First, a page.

MOB Outbreak

The fast-spreading healthcare industry makes medical office buildings a lucrative investment.

A new trend in the growing healthcare sector offers physicians the opportunity for equity participation in new medical office building developments. Hospitals planning to build new MOBs on their campuses increasingly are turning to third-party developers and sponsors rather than constructing and owning the facilities themselves. As the business of healthcare changes, many physicians have become more-sophisticated business participants in joint medical ventures. MOB developers encourage this arrangement because physician-tenants who are offered MOB ownership are more likely to sign on early for projects and agree to longer lease terms.

As the prevalence of ambulatory surgery centers, or ASCs, specialty ancillary centers, specialty hospitals, and other evolving opportunities for physician-hospital joint venture participation has grown, physicians in certain U.S. markets have become accustomed to these additional earnings opportunities. Physicians familiar with investment options are more likely to push for equity participation in real estate. In particular, specialists such as those practicing cardiology, surgery, neurology, urology, and orthopedics, as well as larger physician groups, may find it easier to afford higher equity levels and can better tailor projects to their particular investment and diversification objectives.

Photo caption: Once-local hospitals now focus their resources on creating national healthcare facilities, such as Texas Children's Hospital in Houston, which has begun a $1.5 billion capital expansion.
Photo credit: Texas Children's Hospital

Developing MOBs

MOBs anchored by ASCs are becoming increasingly common because of the continued shift in the healthcare industry from inpatient to outpatient surgery. Also, physicians often find operating in an ASC environment more efficient, leading to a better experience for the patient and more income for the physician. A growing number of hospitals are happy to let developers and physicians divide MOB ownership so the hospital is free to concentrate their capital on core acute-care services.

But hospital executives often are concerned about losing the income stream if current surgical volume leaves the hospital and is transferred to an ASC. As a result, more hospitals are partnering with their physicians and a third party in operating two-party or three-party ASC joint ventures. Some hospitals favor physician investment in ASC ventures due to the belief that an ownership interest will encourage the physicians to make the ASC as successful as possible. Hospitals often want to have an ownership interest in these facilities, but they also want to outsource the non-core real estate development and ownership of the ASC. An attractive option is to offer physicians the ability to invest in both the ASC operations and the real estate.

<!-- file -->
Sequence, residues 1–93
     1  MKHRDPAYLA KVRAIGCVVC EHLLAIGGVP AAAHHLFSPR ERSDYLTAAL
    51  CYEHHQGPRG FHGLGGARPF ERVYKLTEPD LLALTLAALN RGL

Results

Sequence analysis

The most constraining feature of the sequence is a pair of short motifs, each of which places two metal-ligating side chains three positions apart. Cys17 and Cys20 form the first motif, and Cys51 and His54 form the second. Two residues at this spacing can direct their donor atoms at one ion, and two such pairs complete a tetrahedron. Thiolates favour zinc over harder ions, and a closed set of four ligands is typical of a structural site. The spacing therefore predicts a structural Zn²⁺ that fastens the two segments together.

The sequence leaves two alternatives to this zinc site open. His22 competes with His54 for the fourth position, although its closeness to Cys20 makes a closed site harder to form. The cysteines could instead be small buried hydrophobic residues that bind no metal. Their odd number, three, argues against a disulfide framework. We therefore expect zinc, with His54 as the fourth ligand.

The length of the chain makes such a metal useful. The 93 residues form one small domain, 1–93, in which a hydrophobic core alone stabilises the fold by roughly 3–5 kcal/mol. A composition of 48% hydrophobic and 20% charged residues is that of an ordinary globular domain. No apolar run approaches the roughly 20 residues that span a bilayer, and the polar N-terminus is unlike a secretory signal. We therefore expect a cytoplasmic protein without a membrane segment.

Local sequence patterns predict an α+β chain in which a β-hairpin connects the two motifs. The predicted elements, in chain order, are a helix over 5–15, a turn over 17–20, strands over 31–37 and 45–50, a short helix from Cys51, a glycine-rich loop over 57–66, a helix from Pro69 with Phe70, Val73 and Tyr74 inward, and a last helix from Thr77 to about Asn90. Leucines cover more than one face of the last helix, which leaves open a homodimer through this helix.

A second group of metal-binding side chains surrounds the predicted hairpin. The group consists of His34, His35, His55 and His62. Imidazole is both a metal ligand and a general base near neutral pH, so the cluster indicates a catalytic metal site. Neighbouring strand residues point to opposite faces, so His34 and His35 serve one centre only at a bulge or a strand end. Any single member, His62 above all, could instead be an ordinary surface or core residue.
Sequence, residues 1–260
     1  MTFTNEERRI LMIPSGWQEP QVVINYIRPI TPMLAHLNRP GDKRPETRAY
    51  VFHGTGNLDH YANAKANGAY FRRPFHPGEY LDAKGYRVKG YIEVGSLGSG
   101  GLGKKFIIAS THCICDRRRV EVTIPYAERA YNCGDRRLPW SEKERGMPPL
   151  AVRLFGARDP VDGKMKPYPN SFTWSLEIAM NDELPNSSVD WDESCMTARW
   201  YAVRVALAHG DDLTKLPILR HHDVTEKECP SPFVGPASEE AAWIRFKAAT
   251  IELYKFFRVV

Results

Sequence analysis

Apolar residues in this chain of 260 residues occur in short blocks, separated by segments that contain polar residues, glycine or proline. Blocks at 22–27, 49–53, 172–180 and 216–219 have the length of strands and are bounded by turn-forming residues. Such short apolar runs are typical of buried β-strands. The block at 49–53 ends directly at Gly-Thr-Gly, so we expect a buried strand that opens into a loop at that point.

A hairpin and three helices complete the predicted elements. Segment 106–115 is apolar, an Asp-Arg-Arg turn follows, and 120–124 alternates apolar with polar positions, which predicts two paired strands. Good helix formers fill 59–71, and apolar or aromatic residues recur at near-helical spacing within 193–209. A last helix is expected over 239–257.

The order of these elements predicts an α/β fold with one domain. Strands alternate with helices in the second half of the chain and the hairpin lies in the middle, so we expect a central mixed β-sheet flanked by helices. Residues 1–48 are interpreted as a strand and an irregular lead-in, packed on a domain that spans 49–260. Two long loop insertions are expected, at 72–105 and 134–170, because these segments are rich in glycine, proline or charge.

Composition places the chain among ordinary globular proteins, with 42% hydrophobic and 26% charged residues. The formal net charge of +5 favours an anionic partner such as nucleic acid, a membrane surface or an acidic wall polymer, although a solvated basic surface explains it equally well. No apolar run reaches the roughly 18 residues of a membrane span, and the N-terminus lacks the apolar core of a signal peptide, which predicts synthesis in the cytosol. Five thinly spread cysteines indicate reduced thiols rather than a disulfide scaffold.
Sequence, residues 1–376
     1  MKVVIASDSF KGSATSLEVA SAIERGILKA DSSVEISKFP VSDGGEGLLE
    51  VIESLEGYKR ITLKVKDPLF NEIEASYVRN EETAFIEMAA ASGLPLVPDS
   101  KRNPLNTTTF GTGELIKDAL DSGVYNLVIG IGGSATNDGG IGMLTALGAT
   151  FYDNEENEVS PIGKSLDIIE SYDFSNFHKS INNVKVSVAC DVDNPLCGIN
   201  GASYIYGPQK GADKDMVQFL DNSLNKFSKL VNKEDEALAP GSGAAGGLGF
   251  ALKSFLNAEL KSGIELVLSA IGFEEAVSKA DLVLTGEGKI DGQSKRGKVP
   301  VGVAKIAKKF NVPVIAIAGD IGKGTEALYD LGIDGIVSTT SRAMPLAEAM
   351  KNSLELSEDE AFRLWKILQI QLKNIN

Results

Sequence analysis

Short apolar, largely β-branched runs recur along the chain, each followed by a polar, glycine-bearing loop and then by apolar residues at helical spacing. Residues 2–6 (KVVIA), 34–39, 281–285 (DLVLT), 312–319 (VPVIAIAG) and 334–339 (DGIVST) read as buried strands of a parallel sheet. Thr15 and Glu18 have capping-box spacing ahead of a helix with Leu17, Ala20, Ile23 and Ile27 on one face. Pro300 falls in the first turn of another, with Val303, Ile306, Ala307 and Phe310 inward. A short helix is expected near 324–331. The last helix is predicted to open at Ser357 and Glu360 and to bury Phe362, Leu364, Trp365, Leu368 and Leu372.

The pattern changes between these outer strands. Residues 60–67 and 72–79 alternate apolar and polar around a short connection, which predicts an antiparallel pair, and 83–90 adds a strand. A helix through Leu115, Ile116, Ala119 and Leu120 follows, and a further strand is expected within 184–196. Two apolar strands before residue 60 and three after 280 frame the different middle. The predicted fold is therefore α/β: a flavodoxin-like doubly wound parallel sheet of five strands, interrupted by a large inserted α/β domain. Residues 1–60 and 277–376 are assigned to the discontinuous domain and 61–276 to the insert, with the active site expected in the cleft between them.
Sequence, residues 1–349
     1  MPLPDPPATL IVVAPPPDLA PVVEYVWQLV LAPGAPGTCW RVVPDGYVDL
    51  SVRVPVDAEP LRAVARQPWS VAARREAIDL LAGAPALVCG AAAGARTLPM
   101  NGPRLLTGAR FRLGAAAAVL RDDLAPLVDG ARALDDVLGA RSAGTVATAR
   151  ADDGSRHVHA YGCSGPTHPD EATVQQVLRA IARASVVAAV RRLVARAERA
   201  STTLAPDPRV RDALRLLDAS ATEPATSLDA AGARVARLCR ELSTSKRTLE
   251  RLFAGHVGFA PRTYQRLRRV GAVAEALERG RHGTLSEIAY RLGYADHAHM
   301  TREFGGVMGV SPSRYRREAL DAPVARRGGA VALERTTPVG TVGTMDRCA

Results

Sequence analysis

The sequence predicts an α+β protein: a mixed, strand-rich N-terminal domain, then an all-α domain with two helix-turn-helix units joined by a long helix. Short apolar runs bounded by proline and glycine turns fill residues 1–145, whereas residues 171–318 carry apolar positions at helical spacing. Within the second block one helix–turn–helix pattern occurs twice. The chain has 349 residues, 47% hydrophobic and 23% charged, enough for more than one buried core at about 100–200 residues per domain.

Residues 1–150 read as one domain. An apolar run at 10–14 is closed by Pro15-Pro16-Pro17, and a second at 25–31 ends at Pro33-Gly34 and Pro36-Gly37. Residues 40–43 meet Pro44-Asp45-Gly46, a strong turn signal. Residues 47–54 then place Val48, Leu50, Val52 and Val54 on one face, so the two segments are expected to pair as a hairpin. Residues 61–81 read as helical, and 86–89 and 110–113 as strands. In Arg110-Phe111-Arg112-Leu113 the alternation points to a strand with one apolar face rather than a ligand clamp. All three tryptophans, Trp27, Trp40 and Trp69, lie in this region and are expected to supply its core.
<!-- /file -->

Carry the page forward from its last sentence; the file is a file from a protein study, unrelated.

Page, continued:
In addition to ASCs, diagnostic imaging centers and other ancillary service operations also can be anchor tenants of MOB components. Again, hospitals often are more interested in owning and operating these building components than in being landlords for physician practice space. Joint venture structures and equity models have been developed to support the equity investment by physicians in these operations.

Equity Participation Models
Several models of physician ownership have developed to allow physicians to participate in MOB ownership as equity co-investors with the owner or developer of the project. In these models, physicians make passive financial investments and generally are not responsible for property operations. The ownership entity typically will be a limited liability company or a limited partnership, which allows the tenants to lease space and own an interest in the sponsor's ownership entity.

As the market has come to understand physician participation in MOB ownership, three different equity models have evolved to address those market needs.

Direct Cash Equity Contribution. In the most basic of the three equity participation models, physician investors make cash contributions to the project that typically are tied to the physician's proportion of building occupancy. The cash contributions can be made either in the planning stages or after construction is completed. In either case, participation usually will be structured so that physicians' risk is limited to the amount of their equity investments.